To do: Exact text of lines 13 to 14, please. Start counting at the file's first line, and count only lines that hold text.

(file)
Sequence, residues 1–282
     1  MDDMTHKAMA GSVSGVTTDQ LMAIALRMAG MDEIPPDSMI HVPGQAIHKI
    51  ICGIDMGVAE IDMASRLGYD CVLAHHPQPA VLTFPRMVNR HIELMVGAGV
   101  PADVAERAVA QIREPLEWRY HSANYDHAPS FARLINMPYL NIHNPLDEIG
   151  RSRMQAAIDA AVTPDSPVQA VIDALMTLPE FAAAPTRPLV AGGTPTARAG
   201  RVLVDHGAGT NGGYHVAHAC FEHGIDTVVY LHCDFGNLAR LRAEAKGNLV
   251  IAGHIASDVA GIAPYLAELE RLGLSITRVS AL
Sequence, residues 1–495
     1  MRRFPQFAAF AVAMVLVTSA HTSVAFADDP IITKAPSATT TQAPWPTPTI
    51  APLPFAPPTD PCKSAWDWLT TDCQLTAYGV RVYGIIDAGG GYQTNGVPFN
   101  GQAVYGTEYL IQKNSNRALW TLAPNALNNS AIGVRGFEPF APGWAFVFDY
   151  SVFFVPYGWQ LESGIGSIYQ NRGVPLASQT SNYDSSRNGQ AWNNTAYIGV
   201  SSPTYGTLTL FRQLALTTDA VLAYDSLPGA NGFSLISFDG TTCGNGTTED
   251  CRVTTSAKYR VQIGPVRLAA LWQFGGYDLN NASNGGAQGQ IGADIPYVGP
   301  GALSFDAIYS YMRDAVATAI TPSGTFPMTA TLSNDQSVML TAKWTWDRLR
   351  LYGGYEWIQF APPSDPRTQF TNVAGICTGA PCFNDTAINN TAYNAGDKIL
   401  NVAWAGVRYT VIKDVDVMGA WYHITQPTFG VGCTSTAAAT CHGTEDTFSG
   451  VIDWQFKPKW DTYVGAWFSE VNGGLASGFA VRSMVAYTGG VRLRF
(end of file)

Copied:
   201  SSPTYGTLTL FRQLALTTDA VLAYDSLPGA NGFSLISFDG TTCGNGTTED
   251  CRVTTSAKYR VQIGPVRLAA LWQFGGYDLN NASNGGAQGQ IGADIPYVGP